For the second straight year, the Department of Homeland Security (DHS) has found itself last among government agencies in terms of job satisfaction.

The 2013 “Best Places to Work in Government” listed DHS job satisfaction at 46.8 percent, ranking it last out of 19 agencies. Compare this to NASA, which ranked number one again at roughly 30 points higher than DHS. Agencies within DHS, such as the Transportation Security Administration (TSA) and Customs and Border Protection (CBP), have significantly added to the decline in DHS’s ranking.

TSA’s public image has gone from bad to worse, and CBP has operated without a Senate-confirmed commissioner since the Obama Administration entered into office. Roughly 40 senior leadership positions still remain vacant, only adding to ineffective departmental direction and management.

In recent testimony, David Maurer of the Government Accountability Office (GAO) pointed out:

DHS has also consistently scored lower than the government-wide average on the FEVS Leadership and Knowledge Management index, which indicates the extent to which employees hold their leadership in high regard. Since 2011, DHS’s scores for this index have decreased 5 percentage points, widening the gap between the DHS average and the government-wide average to 9 percentage points.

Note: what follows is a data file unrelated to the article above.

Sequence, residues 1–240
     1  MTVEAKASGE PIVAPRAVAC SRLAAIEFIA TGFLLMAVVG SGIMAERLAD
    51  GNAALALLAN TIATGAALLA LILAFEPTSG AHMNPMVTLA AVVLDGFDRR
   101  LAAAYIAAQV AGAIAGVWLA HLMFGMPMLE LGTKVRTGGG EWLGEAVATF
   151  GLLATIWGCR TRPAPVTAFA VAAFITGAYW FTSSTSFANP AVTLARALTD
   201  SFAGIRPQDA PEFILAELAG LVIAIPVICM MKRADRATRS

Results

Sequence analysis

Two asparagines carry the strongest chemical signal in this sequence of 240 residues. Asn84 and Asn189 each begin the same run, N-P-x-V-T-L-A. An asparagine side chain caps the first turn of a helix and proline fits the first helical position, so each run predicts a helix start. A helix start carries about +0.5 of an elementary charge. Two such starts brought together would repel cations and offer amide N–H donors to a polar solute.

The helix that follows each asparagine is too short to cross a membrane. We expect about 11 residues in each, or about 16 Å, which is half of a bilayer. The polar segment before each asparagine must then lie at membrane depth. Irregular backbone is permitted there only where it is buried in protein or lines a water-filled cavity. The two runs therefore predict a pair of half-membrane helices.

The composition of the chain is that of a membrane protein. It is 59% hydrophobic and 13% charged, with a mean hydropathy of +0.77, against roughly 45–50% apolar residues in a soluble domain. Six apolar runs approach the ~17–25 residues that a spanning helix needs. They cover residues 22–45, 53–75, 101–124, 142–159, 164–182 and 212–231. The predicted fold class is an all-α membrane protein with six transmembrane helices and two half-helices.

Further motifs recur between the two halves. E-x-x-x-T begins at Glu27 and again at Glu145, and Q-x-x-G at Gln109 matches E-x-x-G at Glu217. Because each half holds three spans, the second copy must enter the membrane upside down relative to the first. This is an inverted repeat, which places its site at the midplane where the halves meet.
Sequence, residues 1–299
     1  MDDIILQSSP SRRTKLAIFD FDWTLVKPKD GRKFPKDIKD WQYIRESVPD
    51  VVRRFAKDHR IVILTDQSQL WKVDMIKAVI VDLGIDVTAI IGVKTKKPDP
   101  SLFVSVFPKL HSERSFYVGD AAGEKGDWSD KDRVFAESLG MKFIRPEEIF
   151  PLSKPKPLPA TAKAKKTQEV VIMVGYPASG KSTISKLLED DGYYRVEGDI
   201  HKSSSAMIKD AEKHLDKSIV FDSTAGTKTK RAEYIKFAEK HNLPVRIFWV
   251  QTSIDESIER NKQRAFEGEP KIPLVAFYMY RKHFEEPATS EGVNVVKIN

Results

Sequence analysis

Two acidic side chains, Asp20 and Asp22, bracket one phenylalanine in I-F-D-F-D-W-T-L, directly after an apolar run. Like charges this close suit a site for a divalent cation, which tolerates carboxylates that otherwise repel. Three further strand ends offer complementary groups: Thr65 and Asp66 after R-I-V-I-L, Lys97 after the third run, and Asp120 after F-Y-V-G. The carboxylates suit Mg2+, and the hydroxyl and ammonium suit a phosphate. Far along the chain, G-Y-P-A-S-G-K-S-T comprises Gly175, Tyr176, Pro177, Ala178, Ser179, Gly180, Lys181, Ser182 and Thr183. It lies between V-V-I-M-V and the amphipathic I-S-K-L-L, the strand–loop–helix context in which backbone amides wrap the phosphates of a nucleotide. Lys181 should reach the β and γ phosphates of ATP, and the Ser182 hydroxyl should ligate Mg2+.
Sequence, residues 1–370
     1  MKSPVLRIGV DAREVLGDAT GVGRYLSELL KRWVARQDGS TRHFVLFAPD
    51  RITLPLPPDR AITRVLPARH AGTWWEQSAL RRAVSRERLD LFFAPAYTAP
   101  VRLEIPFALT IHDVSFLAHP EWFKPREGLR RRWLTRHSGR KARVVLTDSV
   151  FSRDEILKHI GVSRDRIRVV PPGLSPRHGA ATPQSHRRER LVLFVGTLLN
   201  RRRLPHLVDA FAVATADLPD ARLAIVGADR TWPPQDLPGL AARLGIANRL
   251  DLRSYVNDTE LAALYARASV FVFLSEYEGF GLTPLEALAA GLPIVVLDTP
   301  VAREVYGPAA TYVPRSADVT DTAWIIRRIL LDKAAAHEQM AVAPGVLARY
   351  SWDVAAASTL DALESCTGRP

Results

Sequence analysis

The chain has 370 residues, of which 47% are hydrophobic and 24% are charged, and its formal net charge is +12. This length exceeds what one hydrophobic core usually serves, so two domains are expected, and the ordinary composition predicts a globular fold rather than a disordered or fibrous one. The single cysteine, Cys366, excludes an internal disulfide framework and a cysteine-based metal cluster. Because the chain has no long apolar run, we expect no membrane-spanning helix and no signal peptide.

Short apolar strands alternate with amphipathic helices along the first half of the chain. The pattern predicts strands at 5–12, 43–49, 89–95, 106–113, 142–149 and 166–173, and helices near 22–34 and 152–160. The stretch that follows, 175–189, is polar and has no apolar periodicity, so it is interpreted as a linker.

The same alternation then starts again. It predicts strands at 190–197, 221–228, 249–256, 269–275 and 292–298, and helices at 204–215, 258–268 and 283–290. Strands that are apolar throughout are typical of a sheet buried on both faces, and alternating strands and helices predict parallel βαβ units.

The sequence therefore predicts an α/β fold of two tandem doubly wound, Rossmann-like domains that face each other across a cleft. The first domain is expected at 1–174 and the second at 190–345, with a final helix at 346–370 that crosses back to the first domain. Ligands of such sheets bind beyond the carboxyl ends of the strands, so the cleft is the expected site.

In 2012, the GAO recommended that DHS locate the root cause of employee dissatisfaction and how to improve employee morale. However, as of December 2013, DHS has yet to fully implement these recommendations.

As emphasized in a recent Heritage report, new DHS Secretary Jeh Johnson will have to address the department’s public image in order to improve employee morale. DHS and its various agencies have some of the worst public images in government. Just last year, the House Homeland Security Committee held a hearing titled, “Building One DHS: Why Is Employee Morale Low?” The answer from both Democrats and Republicans was a lack of leadership.

As Secretary Johnson evaluates DHS and its agencies, he should be formulating solutions for employee morale and leadership vacancies. If he does not, DHS faces yet another year at the bottom of the happiness barrel.